Racial Disparity in Blood Pressure: is Vitamin D a Factor?
- 220 Downloads
Higher prevalence of hypertension among African Americans is a key cause of racial disparity in cardiovascular morbidity and mortality. Explanations for the difference in prevalence are incomplete. Emerging data suggest that low vitamin D levels may contribute.
To assess the contribution of vitamin D to racial disparity in blood pressure.
Adult non-Hispanic Black and White participants from the National Health and Nutrition Examination Survey 2001–2006.
We assessed Black-White differences in systolic blood pressure (SBP) controlling for conventional risk factors, and then additionally, for vitamin D (serum 25[OH]D).
The sample included 1984 and 5156 Black and White participants ages 20 years and older. The mean age-sex adjusted Black-White SBP difference was 5.2 mm Hg. This difference was reduced to 4.0 mm Hg with additional adjustment for socio-demographic characteristics, health status, health care, health behaviors, and biomarkers; adding 25(OH)D reduced the race difference by 26% (95% CI 7–46%) to 2.9 mm Hg. This effect increased to 39% (95% CI 14–65%) when those on antihypertensive medications were excluded. Supplementary analyses that controlled for cardiovascular fitness, percent body fat, physical activity monitoring, skin type and social support yielded consistent results.
In cross-sectional analyses, 25(OH)D explains one quarter of the Black-White disparity in SBP. Randomized controlled trials are required to determine whether vitamin D supplementation could reduce racial disparity in BP.
KEY WORDSvitamin D blood pressure African continental ancestry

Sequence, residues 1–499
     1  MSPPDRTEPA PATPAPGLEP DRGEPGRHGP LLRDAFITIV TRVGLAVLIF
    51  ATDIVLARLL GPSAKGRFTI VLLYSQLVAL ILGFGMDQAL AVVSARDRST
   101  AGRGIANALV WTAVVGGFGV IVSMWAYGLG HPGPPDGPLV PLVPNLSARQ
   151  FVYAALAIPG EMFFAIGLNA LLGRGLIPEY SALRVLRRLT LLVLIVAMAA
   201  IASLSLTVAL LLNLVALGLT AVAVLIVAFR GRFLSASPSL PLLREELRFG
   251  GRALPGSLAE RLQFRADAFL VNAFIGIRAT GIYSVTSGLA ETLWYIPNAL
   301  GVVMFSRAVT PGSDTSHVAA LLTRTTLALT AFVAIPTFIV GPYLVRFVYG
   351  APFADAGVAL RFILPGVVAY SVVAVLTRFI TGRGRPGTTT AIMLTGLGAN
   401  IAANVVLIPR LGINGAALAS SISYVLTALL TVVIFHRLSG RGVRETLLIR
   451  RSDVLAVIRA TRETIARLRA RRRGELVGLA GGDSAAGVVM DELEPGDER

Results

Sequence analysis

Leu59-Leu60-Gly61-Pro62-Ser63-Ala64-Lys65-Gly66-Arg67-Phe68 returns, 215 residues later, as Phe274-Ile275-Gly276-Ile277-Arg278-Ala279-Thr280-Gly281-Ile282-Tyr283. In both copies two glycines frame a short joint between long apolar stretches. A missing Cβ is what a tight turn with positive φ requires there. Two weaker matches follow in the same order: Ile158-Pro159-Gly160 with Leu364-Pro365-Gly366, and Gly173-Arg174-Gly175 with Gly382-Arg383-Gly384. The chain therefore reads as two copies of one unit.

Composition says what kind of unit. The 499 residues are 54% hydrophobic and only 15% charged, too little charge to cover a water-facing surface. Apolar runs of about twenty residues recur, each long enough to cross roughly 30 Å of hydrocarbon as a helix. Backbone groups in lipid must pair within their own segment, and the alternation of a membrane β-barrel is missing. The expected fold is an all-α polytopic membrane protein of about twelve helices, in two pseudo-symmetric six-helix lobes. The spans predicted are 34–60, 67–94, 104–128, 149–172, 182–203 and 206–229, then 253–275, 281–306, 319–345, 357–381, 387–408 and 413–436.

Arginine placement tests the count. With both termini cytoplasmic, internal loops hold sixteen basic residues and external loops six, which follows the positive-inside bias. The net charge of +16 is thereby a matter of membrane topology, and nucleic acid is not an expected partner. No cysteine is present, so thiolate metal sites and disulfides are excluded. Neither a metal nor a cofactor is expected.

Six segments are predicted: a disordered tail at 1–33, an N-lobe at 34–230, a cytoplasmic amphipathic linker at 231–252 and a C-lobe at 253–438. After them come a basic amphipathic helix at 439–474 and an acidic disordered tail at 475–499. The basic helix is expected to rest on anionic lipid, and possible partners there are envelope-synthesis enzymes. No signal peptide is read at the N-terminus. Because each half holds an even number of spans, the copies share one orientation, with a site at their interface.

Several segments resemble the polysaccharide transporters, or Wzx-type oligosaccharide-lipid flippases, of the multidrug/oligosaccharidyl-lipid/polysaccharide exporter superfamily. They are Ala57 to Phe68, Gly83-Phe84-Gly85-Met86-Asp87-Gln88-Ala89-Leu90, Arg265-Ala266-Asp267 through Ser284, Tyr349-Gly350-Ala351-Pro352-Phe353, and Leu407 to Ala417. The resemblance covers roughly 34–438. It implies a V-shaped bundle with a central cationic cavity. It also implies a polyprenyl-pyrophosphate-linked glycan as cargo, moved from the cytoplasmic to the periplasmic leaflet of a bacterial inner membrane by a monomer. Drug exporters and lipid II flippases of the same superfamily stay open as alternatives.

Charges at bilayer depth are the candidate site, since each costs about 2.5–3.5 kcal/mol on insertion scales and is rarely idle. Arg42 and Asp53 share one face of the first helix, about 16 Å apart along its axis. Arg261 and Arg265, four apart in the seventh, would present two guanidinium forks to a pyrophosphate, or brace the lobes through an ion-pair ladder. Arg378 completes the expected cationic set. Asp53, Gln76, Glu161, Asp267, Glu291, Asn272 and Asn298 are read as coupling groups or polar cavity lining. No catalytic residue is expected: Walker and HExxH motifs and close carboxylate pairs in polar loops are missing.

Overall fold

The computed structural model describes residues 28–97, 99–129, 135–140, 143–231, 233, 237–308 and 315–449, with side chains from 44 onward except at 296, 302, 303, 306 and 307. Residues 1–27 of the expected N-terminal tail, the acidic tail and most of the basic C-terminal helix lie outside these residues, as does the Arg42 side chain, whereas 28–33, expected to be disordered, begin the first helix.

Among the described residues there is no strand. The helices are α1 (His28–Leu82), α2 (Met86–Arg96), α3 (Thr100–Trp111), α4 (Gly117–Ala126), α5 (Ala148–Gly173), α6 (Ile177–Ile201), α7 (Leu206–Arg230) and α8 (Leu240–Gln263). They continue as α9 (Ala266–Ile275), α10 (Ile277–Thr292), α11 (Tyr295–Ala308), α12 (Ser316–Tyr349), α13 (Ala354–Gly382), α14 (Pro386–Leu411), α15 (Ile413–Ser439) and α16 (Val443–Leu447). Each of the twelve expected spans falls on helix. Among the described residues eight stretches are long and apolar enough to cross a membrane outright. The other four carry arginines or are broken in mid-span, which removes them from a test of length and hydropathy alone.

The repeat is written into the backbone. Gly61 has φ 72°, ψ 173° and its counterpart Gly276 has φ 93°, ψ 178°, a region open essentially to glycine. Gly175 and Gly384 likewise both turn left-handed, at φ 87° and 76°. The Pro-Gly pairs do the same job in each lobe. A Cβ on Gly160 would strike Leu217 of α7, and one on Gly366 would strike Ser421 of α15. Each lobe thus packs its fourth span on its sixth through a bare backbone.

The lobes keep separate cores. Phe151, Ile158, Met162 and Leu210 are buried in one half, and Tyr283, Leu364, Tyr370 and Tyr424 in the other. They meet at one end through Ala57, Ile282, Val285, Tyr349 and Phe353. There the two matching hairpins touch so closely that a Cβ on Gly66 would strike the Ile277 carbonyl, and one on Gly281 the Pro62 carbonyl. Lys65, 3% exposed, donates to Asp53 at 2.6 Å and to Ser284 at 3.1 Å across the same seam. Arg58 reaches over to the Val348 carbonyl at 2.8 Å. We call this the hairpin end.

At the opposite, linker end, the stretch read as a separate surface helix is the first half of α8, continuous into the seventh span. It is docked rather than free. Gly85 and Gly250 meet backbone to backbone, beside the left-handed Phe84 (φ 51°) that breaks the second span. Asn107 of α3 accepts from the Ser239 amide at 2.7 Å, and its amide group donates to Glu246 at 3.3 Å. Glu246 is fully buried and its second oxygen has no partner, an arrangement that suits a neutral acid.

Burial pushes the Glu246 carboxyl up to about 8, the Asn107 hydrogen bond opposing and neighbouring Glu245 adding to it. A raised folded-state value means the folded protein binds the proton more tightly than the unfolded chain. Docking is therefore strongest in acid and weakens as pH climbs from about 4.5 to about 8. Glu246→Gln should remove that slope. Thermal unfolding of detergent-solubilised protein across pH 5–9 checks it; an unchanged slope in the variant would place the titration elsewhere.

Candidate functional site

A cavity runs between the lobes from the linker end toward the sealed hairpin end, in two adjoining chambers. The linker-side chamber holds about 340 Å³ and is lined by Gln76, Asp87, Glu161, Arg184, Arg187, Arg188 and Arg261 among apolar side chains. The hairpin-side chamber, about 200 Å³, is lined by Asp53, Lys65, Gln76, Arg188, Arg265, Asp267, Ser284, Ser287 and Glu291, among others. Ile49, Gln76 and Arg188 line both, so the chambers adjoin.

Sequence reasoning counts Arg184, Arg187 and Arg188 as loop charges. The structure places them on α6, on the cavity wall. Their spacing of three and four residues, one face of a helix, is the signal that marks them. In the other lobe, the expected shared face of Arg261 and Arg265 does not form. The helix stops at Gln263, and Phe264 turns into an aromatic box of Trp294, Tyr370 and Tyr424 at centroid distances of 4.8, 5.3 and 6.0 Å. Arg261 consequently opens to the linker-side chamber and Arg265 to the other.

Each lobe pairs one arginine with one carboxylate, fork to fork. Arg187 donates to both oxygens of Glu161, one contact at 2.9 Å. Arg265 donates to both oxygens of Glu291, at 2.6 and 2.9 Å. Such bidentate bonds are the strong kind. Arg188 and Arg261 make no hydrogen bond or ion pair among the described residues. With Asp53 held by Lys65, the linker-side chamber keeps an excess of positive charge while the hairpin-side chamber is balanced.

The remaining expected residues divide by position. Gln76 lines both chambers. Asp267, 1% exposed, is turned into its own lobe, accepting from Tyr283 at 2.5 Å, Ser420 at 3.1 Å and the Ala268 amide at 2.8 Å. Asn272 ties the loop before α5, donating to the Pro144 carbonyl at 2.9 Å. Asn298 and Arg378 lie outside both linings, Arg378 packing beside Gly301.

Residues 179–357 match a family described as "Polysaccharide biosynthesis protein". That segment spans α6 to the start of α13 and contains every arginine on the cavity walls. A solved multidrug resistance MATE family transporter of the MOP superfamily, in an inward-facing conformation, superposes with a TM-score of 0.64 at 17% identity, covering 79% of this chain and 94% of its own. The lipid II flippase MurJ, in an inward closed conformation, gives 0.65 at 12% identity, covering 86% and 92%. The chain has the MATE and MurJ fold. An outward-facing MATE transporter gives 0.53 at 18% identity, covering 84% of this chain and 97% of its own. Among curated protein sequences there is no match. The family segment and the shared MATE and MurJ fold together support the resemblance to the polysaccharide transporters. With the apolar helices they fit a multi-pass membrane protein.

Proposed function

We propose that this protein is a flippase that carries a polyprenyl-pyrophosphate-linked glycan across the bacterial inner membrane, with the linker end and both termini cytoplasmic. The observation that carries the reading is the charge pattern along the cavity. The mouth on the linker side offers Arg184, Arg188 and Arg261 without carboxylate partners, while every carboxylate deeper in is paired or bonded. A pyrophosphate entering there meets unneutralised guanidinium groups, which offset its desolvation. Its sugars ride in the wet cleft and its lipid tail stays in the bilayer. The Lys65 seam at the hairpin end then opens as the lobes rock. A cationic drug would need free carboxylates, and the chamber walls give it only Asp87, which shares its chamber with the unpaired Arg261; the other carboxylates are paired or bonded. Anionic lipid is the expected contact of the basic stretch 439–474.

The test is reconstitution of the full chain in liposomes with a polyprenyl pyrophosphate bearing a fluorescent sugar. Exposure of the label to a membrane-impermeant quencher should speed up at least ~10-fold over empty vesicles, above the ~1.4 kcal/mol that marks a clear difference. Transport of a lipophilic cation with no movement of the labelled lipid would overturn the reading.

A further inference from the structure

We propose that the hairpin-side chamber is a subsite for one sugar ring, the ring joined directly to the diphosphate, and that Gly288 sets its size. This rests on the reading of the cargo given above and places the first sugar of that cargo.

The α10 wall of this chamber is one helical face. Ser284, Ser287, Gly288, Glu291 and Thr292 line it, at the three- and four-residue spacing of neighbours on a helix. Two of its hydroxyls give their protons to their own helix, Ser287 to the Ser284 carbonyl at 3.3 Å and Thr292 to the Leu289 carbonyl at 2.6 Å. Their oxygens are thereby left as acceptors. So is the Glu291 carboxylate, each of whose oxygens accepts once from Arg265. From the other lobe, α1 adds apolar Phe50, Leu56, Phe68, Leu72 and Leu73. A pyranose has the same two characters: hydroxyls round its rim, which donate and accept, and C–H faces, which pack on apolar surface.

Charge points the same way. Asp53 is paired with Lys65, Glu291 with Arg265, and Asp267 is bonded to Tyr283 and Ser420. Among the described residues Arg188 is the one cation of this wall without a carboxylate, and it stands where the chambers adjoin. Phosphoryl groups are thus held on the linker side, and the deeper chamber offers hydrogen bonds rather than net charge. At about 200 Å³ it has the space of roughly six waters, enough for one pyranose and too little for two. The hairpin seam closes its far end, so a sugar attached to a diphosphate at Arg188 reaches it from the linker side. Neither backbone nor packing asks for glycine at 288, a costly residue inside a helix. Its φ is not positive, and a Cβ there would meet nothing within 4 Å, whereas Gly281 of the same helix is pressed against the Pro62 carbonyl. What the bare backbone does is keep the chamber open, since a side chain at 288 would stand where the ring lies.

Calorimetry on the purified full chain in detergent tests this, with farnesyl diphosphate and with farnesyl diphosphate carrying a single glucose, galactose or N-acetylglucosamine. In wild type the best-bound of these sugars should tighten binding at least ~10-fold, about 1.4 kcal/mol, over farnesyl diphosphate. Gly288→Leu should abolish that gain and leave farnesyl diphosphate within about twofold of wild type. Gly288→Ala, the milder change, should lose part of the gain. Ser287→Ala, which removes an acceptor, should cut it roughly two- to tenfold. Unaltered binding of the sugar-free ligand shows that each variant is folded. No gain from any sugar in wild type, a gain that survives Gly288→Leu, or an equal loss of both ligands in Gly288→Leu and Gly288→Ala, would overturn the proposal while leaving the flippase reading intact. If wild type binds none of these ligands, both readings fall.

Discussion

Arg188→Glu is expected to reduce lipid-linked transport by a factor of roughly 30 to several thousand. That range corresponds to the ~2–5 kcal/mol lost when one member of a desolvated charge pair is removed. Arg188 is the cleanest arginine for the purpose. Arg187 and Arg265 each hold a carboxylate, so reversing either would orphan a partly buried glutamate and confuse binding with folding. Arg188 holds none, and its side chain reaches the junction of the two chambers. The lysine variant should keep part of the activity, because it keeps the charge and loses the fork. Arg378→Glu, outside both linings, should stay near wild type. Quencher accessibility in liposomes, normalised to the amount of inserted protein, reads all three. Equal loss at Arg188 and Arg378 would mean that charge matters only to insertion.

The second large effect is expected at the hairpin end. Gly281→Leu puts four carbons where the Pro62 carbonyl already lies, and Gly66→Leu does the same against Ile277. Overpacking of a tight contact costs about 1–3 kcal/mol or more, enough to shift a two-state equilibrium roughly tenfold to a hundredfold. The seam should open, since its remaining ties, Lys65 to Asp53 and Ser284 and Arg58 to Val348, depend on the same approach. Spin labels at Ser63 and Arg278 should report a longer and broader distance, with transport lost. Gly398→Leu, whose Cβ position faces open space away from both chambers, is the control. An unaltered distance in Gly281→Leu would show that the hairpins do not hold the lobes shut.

- 1.Fryar CD, Hirsch R, Eberhardt MS, Yoon SS, Wright JD. Hypertension, High Serum Total Choleseterol, and Diabetes: Racial and Ethnic Prevalence Differences in U.S. Adults, 1999–2006. Hyattsville, MD: National Center for Health Statistics, 2010.Google Scholar
- 12.Pilz S, Tomaschitz A, Ritz E. Pieber TR. Medscape. Vitamin D status and arterial hypertension: a systematic review. Nature Rev Cardiol. 2009;6:621–630.Google Scholar
- 15.Signorello LB, Williams SM, Zheng W et al. Blood vitamin D levels in relation to genetic estimation of African ancestry. Cancer Epidemiol Biomarkers Prev. 2010.Google Scholar
- 20.National Health and Nutrition Examination Survey. National Health and Nutrition Examination Survey. Physician examination procedures manual (original 1999, revised 2000). http://www.cdc.gov/nchs/data/nhanes/nhanes_01_02/physician_year_3.pdf acccessed 3/18/2011.
- 25.Ham SA, Ainsworth BE. Disparities in data on Healthy People 2010 physical activity objectives collected by accelerometry and self-report. Am J Public Health. 2010;100:Suppl-8.Google Scholar
- 31.Jamerson KA. The disproportionate impact of hypertensive cardiovascular disease in African Americans: getting to the heart of the issue. J Clin Hypertens. 2004;6:Suppl-10.Google Scholar
- 59.Wilson TW, Hollifield LR, Grim CE. Systolic blood pressure levels in black populations in sub-Sahara Africa, the West Indies, and the United States: a meta-analysis. Hypertension. 1991;18:Suppl-91.Google Scholar